Skilled Nursing Facilities
Paying for nursing home rehabilitation or long-term care can be a major headache, which is made worse when you receive a bill that you expected your insurance to cover. Knowing who’s responsible to pay and how much you’re on the hook for can make it a little easier. Let’s start with some key terminology:
Private pay: Payments made out-of-pocket without any help from insurance.
Co-payment: The portion of the bill that the patient is responsible for after their insurance has paid its share.
Medicare: Federal health insurance program. There are numerous Medicare plans offered by private companies, each with its own benefit structure.
Traditional Medicare: Health insurance that’s solely through the federal government without any additional coverage from private health insurance companies.
Long-term Care: Ongoing skilled care for people who are no longer able to perform activities of daily living on their own.
When admitting to a skilled nursing facility for rehabilitation following a surgery or an accident, Medicare or other health insurance typically pays first. Depending on the insurance, you may be responsible for paying a co-payment.
While it would be impossible to list the co-payment amounts for all Medicare insurance plans, Traditional Medicare coverage is standardized, and many private Medicare plans mirror the structure of Traditional Medicare.
Traditional Medicare will pay 100% of the cost for the first 20 days of rehabilitation. Starting on day 21, the patient is required to start paying a standardized co-payment. In 2021, the co-payment for skilled nursing is $185.50 per day for days 21 through 100.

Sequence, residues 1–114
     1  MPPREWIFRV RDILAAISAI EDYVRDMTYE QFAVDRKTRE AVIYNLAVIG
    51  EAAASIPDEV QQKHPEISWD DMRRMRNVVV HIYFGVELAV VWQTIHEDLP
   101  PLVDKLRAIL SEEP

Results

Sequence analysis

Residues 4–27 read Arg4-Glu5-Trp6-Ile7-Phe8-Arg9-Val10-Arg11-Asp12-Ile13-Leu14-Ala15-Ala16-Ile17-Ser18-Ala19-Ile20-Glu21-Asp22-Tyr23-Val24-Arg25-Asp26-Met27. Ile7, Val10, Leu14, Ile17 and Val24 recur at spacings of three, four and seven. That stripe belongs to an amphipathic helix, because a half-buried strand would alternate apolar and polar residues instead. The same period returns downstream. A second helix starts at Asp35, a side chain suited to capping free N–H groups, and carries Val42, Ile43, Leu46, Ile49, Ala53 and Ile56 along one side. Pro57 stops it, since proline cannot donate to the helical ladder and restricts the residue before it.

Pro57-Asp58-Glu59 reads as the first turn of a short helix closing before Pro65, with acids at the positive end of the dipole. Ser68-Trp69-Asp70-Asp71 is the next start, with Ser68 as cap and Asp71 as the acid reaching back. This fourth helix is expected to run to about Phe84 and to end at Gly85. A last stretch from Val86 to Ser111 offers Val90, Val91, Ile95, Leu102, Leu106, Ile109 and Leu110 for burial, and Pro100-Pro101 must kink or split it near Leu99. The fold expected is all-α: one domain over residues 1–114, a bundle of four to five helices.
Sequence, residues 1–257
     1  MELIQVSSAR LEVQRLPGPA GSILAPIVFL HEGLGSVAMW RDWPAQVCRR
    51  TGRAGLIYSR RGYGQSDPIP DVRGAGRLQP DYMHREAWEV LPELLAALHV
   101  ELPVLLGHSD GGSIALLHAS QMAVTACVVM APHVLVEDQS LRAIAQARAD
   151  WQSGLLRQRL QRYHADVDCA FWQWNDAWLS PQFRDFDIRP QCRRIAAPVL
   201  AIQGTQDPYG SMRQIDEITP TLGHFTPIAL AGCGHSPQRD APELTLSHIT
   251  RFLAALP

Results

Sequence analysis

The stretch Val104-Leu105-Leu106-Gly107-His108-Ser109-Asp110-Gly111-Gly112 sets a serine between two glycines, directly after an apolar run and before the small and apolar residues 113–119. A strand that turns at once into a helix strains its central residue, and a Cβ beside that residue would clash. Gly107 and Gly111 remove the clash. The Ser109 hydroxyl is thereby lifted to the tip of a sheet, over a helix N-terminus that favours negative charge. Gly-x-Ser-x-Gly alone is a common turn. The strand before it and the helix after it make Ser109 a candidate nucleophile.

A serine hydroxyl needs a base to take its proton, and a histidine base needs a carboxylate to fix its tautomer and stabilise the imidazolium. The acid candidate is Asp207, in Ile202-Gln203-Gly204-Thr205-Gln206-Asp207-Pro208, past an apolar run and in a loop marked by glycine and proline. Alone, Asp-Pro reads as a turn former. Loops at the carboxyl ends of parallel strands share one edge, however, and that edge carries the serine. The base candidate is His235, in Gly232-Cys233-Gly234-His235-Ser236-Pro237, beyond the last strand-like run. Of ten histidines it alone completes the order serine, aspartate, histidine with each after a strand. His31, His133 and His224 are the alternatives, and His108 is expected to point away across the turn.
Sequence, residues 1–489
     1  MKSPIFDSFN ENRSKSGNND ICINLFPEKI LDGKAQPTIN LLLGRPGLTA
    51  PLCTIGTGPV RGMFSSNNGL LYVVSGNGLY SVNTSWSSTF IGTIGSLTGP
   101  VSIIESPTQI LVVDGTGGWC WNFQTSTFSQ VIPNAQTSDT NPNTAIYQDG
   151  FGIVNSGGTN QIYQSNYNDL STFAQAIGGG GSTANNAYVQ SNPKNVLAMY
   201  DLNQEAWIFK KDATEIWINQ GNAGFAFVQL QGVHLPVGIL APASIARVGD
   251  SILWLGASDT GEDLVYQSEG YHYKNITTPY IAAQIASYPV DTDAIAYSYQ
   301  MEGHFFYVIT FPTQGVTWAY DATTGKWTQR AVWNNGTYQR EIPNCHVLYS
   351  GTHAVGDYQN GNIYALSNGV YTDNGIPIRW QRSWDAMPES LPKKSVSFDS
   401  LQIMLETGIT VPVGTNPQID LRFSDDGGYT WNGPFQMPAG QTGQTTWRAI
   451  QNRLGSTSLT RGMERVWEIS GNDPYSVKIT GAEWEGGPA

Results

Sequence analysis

Medicare coverage for skilled nursing lasts as long as the patient continues to progress in their therapy, up to a maximum of 100 days. After 100 days if the patient still needs therapy before they can safely leave, they will have to pay privately. Alternatively, if the patient has stopped making progress in their therapy, but still needs skilled nursing level care, they can transition to long-term care.
Medicare nor health insurance help pay for long-term care. Long-term care insurance policies are available, however in order to help pay the policy must have been active before long-term care is needed. For many, Medicaid becomes the primary source to help pay for long-term care. In fact, as of 2018, Medicaid paid for more than 51% of all long-term care costs in the United States.
Nursing Home Medicaid assistance is available to eligible individuals who need long-term care, but the application process is very complex, and it can be difficult to navigate successfully. Sensible Senior Planning specializes in helping people get eligible for assistance and can even file applications, greatly simplifying the process.
If you or a loved-one find yourself in need of nursing home therapy or long-term care, it’s important to know what your insurance will cover, what you’ll be responsible for, and what alternative options are available to you. Contact Sensible Senior Planning and one of our advisors will consult with you about your insurance coverage and payment options, free of charge.